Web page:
An example of the paper’s thinking that resonates strongly following the global financial turmoil of 2008 is: ‘… market failure and the need for systemic change are also emerging as key areas of concern for some leading investors. This in turn is underlining investor interest in corporate public affairs activity. These investors single out businesses that are protecting future value through active shaping of policy frameworks to address key social and environmental issues, as exhibiting smart management.’
This echoes a familiar story. Efforts over the past decade to establish the business value case for sustainability and CSR have often focused on the ability to manage a variety of complex issues like environmental performance, workplace health and safety, community well-being, and stakeholder relationships in tandem with delivering financial success as being a proxy for good management skills overall. In the post-2008 era, in a world where financial recovery and climate change action need to co-exist, how much greater premium will appropriately skilled managers command with investors? Especially those who can demonstrate how they are creating long-term sustainable value for investors rather than transient short-term returns?
Putting theory into practice
Effective public affairs must deliver on a number of fronts. Key elements are to know what you want, who can help you achieve it, how you can get your case in front of them, what competing interests affect your submissions, and most importantly, how you can help policy-makers to credibly give you all or some of what you want. The latter point can include assembling significant third-party stakeholder support for what you are advocating, and providing practical guidance on how it can be delivered with public acceptance and policy integrity.
Getting all of this right is especially important in an era of reform-minded government, as is now the case in Australia, where the policy-making dynamic includes active reviewing of the status quo and wide consultation across the spectrum of affected interests. Merely talking to government is not the issue, and in most cases bluntly opposing any change is unrealistic. It’s cutting through and having impact on shaping policy change that counts.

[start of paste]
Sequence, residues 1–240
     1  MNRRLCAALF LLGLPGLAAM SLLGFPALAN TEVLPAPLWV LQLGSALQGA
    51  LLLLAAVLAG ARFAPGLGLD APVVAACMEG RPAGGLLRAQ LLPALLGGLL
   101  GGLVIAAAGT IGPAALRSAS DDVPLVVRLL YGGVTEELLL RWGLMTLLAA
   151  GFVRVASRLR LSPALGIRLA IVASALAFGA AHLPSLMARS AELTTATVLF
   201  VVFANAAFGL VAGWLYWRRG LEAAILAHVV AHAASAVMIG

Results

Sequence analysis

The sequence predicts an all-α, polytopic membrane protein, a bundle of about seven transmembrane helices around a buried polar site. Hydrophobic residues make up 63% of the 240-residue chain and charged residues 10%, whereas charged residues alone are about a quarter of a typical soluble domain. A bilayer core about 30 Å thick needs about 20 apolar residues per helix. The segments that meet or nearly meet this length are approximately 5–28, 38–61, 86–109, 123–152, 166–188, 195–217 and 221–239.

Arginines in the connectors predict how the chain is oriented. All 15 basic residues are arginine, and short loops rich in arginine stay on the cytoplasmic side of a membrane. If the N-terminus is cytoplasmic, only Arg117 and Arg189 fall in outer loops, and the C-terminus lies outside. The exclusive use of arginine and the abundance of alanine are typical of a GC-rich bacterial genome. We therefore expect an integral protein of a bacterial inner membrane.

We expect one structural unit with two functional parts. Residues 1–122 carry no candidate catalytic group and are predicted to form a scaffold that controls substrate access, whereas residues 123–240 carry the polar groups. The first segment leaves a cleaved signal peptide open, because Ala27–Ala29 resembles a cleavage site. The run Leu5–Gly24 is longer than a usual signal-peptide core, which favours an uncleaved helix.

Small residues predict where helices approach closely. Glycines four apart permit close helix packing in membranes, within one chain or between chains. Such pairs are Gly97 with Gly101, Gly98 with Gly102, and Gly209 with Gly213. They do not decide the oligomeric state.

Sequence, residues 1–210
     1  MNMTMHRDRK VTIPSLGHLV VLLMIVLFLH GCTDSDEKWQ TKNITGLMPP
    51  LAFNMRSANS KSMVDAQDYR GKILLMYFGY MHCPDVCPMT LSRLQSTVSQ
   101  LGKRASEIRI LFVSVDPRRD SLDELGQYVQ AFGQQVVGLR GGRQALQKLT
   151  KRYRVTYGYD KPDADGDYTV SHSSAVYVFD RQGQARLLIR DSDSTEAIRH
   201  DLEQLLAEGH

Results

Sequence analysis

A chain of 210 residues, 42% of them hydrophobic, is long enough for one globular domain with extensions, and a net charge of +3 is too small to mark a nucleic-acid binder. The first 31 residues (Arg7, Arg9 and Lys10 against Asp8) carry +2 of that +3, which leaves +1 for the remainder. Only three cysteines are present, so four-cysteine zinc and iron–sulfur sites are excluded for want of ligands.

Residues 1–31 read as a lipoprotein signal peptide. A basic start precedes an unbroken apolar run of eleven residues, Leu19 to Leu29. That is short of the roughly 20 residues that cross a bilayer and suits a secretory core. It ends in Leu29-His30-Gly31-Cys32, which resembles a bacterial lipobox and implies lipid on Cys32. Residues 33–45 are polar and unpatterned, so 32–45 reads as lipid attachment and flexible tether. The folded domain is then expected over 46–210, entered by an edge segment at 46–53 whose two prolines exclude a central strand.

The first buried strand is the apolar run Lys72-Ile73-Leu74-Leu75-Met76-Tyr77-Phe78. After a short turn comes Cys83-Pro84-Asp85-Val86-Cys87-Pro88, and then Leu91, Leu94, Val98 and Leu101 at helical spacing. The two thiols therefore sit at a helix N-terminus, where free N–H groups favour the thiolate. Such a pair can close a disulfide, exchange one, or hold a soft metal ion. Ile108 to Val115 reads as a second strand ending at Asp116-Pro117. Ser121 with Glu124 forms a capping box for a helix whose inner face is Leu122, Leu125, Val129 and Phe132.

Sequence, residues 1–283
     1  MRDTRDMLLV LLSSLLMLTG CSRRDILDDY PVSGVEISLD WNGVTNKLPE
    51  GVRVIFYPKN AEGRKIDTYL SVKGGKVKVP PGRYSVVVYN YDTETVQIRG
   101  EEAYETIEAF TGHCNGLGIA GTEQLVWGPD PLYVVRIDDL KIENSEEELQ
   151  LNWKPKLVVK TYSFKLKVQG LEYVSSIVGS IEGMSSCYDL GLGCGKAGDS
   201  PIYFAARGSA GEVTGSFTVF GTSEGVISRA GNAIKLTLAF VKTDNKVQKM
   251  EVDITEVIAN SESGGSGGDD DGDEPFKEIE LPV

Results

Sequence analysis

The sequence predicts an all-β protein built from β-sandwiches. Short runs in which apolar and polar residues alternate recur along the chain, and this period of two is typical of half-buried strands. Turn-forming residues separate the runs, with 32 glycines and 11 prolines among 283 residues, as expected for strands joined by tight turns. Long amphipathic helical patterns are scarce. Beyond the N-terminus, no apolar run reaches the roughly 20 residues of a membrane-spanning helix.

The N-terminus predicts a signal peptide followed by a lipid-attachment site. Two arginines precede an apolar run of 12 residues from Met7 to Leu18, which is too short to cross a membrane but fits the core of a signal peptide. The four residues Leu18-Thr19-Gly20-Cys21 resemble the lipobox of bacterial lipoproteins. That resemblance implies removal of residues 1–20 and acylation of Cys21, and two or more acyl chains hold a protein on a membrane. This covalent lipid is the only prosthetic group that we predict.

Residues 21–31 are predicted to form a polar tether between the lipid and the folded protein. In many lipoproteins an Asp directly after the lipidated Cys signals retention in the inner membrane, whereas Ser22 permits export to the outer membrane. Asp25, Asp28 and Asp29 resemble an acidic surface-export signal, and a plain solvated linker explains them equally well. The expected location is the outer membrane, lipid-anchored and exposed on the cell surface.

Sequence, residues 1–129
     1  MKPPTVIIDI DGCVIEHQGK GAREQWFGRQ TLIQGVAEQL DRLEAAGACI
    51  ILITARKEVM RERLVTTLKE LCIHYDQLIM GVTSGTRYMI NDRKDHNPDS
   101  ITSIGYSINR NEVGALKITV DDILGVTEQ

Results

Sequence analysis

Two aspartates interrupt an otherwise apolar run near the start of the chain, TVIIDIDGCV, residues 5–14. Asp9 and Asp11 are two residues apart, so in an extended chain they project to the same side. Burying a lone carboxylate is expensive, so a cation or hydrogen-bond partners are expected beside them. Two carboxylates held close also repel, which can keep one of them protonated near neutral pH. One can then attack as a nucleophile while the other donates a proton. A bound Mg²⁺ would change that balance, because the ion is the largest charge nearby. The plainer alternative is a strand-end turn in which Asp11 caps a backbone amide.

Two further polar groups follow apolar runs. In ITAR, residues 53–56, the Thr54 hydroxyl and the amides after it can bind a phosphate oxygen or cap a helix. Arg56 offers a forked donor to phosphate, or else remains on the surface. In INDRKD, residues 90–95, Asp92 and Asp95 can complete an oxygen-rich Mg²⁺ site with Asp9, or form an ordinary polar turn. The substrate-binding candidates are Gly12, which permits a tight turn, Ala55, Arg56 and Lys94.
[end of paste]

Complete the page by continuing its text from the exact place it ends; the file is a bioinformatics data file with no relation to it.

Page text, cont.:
To do this for sustainability - with its complex interactions between social, environmental and economic factors - requires engagement both directly with government, and also with other stakeholders such as NGOs, who in turn are putting their own agendas to the decision-makers in private and in public.
At the national level climate change, which is the pre-eminent sustainability issue of our times, is set to be one of the two main policy challenges for 2009; with the other being overall handling of the economy as recession threatens. The climate policy challenge, with the introduction of an emissions trading scheme by 2010 at its core, is a sweeping economic reform that affects state legislators as well, with major associated public policy reforms in areas such as energy efficiency, renewable energy, extended producer responsibility (EPR) for waste management and recycling, public procurement requirements, and R&D programs.
Change at this scale holds risks, but also is replete with business opportunities as restructuring and transitional arrangements unfold. Effective public affairs will mean being at the table and holding good cards – not only in terms of a business’ own operational performance and product set, but also in its marketing, its policy positioning and its advocacy.
What can your business do?
The practical path recommended for companies that want to create business value by aligning their sustainability and CSR endeavours with their public policy activities is to:
- Build a strong, consistent and open public policy agenda for your business. This should clearly identify where big-ticket social and environmental issues are relevant to the business’ operations and products e.g. health, law enforcement, community safety and container recycling for an alcohol beverage company; or climate change and energy security for an electricity utility.